Steve Wallace: Infant on car roof and other weird tales

The things one sees while driving in our province are difficult to believe. Here are some real-world examples which could be filed under the heading: “You Can't Make This Stuff Up.”

The guy standing on top of a party bus in Vancouver last week, imitating a surfer, as it entered the roadway on-ramp, is a good example of the laws of natural selection at work. The fact that no fellow occupants in the party bus intervened speaks volumes concerning this irresponsible action and non-action aboard this potential coffin on wheels. My sympathy would go to the innocent drivers who through no fault of their own, would be adversely affected for life, if they hit this idiot.

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The best tongue lashing I have ever witnessed was in the Central Interior of B.C. A young mother was struggling with a grocery bag and an infant in a car seat. She placed the infant in the seat on the roof of the vehicle and deposited the bag of groceries in the back seat of the car. She closed the door and went around to the driver side of the vehicle. At this point she was verbally chastised by an elderly woman, probably a granny, for seemingly forgetting the child. A diatribe of colourful hyphenated words filled the air as the young mother retreated to the safety of her vehicle, after fetching the infant.

A driver was stopped by the police and had no idea why the police would take such action. As the constable approached the vehicle, the driver was seen trying to put on the seatbelt, which of course was lodged in the door frame, while the metal clip was clearly visible to the officer. When he asked the driver why he had been stopped, the driver complained that the seatbelt was not functioning properly and could not be effectively used. The constable agreed, since he had observed the seatbelt dangling from the driver side for several kilometres. A ticket was issued.

Ed is a regular reader of this column. He has observed a potential hazard when trucks exit the ferry terminal and read the signs on the various overpasses leading to Victoria. His first suggestion concerns the metric measurement only. Since there are many long haulers from south of the boarder, would it not behoove the authority to give the bridge and overpass heights in feet and inches? Coming from the ferry terminal the various overpasses are in declining height warning measurements. The first being 6M then 5M and 4.3M. What if the trucker has not prepared properly? There seems to be no turn-around opportunity. Would the police attend to help stop traffic, as the truck backs up a considerable distance? Yes, they would likely attend.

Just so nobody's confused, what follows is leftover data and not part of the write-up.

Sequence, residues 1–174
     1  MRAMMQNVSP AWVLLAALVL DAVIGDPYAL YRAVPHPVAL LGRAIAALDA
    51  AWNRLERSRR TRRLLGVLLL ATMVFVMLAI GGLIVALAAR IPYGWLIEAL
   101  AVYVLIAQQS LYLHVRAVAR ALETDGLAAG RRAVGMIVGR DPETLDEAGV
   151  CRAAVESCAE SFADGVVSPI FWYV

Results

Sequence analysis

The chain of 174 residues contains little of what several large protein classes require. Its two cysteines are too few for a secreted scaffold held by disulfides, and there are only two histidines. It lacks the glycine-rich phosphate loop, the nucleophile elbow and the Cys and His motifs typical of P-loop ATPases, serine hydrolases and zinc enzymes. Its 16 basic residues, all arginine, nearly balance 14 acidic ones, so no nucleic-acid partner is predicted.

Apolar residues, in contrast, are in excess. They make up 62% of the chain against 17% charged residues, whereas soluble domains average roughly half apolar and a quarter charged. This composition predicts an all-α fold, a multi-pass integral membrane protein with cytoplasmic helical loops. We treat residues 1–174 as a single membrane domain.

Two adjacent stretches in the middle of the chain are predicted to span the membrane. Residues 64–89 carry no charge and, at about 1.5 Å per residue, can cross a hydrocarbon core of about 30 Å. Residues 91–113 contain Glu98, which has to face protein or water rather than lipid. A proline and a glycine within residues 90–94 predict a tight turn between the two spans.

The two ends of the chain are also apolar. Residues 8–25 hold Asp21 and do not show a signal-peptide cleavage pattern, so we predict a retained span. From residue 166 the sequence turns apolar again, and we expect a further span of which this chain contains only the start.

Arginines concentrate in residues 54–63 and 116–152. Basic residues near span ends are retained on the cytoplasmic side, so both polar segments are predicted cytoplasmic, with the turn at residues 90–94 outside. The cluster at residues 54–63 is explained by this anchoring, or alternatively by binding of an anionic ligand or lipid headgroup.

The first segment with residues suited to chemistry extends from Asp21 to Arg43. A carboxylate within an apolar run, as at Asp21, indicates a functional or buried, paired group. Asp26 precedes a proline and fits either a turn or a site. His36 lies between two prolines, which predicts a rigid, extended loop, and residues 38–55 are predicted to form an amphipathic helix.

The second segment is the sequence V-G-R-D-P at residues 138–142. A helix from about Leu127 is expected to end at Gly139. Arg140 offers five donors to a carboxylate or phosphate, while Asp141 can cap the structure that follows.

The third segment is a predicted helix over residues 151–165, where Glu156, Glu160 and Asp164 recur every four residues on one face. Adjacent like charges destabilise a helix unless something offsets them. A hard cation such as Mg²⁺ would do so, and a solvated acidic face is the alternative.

Many new vehicles are on the market with a keyless entry option. This is not only a convenience but also an anti-theft device. The fob will open and lock the vehicle in an instant. Fewer vehicles use the standard key in the door lock today. Years ago, VW produced so many Beetle vehicles that it had to duplicate the keys. They would keep these duplicate situations in far away geographical areas of North America.

I once witnessed a VW owner unknowingly unlock a vehicle of exact make, model and colour as their own.

As the innocent driver sat behind the wheel, the rightful owner arrived on the scene.

You can imagine the conversation. This minor dispute was put to rest when the arriving driver’s key opened the seemingly offending driver’s car. One was a local sale and the other had been purchased in Eastern Canada.

Steve Wallace is the owner of Wallace Driving School on Vancouver Island. He is a former vice-president of the Driving Schools Association of the Americas, a registered B.C. teacher and a University of Manitoba graduate.

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